The r builds also make note of these errors, but they assume that whoever is running the game wants to play, so it'll try to ignore the given error as much as possible. It is crucial that the most recent debug build runs without error messages, because these errors, while skipped by the release build, may cause crashes, unexpected errors, and oddities while playing.
In the most ideal scenario, even campaigns developed on retail FreeSpace will be tested on the most recent FSO build, on the assumption that the majority of the players will play it on FreeSpace Open. Many community members can't run the retail version anymore, so make sure everyone can run your campaign without error messages.Modular Table Files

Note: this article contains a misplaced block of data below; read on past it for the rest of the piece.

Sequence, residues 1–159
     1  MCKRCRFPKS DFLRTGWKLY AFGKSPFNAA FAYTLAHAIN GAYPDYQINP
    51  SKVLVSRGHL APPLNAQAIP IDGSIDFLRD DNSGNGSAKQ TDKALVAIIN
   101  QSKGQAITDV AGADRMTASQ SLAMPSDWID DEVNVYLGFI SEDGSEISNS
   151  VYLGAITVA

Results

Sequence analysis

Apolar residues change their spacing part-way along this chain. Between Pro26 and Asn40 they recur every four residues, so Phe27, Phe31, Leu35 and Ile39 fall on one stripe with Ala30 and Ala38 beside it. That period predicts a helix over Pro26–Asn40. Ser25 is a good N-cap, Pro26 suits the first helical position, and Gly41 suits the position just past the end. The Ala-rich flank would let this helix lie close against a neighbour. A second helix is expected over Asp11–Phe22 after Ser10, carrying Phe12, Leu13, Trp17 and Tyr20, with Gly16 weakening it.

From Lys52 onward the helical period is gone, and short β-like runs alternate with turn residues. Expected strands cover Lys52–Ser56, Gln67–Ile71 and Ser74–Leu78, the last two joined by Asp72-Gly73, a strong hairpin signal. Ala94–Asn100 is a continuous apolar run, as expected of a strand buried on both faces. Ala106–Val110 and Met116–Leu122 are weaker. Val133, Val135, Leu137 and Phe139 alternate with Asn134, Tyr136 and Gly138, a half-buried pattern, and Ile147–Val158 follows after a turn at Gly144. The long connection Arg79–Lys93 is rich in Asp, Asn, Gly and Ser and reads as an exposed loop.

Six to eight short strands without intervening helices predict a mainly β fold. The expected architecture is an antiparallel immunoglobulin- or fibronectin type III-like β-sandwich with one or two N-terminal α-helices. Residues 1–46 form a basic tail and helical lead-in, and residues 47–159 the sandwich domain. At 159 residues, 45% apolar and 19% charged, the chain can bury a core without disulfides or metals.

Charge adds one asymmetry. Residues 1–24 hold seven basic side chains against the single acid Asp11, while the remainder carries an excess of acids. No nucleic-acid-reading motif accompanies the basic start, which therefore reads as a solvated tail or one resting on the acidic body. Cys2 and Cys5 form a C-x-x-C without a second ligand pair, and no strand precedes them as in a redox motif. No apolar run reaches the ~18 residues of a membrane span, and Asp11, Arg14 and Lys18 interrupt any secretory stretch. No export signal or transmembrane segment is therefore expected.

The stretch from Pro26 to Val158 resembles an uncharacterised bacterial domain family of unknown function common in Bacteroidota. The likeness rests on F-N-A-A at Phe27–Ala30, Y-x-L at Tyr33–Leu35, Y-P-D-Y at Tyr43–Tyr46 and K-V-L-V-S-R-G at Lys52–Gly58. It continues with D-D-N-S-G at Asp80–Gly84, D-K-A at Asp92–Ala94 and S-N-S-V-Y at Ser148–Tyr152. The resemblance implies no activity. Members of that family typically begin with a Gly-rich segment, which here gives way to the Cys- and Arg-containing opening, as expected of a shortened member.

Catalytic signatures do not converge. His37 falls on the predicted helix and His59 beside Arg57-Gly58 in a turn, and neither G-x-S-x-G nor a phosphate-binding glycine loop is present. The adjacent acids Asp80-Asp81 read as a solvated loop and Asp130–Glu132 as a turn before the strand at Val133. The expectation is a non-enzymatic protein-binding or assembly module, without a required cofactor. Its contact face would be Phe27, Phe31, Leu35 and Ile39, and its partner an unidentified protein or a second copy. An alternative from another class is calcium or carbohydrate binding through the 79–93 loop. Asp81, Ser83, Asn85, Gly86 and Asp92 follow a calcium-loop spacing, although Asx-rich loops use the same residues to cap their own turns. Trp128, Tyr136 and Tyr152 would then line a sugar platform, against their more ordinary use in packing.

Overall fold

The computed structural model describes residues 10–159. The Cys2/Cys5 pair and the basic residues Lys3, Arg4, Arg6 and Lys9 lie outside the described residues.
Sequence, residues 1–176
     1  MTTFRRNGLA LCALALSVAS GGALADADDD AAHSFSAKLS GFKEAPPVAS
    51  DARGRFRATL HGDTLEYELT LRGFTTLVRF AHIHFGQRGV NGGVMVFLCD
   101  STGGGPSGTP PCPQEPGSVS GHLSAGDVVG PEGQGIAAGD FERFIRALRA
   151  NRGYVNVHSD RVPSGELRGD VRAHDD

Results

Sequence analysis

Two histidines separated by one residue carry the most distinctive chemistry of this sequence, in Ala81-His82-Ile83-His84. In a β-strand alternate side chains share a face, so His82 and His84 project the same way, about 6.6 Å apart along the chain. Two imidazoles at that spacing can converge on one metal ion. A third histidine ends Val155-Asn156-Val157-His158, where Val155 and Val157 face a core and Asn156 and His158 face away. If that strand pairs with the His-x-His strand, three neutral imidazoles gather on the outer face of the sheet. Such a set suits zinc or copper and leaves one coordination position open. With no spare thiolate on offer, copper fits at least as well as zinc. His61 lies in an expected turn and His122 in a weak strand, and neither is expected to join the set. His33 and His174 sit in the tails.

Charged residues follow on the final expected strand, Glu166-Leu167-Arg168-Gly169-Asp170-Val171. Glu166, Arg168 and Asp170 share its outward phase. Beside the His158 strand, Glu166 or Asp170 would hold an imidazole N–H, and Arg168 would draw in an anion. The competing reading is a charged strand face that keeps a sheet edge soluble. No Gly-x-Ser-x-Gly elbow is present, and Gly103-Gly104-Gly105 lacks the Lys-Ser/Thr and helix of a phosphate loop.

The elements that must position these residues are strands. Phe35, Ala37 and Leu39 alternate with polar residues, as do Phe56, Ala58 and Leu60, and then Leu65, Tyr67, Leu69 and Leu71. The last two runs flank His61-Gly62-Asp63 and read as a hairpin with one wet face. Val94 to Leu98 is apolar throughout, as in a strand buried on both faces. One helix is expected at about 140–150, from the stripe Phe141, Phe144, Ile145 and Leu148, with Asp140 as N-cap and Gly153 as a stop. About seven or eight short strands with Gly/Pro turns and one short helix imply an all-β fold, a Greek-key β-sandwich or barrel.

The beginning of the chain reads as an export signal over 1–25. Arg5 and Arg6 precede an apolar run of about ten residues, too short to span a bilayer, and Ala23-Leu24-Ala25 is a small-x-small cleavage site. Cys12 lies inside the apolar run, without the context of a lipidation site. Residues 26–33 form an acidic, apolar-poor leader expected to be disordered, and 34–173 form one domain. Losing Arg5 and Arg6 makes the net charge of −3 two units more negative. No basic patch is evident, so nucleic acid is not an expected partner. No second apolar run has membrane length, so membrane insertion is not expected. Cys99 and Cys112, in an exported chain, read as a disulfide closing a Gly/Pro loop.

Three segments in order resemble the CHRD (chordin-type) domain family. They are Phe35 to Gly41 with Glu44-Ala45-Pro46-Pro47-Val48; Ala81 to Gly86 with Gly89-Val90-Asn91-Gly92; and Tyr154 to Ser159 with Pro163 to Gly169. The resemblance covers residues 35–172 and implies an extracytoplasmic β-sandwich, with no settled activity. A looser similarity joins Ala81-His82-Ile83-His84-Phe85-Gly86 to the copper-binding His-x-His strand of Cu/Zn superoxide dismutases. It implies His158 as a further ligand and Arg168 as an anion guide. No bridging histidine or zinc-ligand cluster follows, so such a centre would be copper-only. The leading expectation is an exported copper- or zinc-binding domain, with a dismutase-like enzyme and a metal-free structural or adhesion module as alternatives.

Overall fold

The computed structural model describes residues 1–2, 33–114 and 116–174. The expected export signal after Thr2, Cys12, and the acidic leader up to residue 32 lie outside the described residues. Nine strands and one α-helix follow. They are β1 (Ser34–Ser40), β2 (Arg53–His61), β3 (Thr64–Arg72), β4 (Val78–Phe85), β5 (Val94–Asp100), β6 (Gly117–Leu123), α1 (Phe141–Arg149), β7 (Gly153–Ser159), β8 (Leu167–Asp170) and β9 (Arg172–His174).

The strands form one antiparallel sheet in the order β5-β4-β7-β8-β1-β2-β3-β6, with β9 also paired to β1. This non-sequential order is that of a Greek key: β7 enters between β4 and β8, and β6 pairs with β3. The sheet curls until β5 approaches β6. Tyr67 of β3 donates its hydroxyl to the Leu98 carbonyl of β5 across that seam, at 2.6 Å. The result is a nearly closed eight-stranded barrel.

The number of modular table files need to be as few as one can make. If it's possible to merge some modular table entries into the corresponding main table, do so. Though modular tables by themselves don't cause crashes, using many one-entry modular tables are potentially crash-inducing.The Campaign (.fc2) File
Assuming you're not releasing disconnected missions, you need a campaign file
to tell the game which mission follows which and what the requirements are for progression. If the campaign file is set up wrong, the player may be stuck at a certain mission without being able to continue with the campaign. On the other side of the coin: if the campaign lets you progress no matter the outcome of the mission, there'll be no point in the player trying to accomplish the missions.
The campaign file must use the end-campaign operator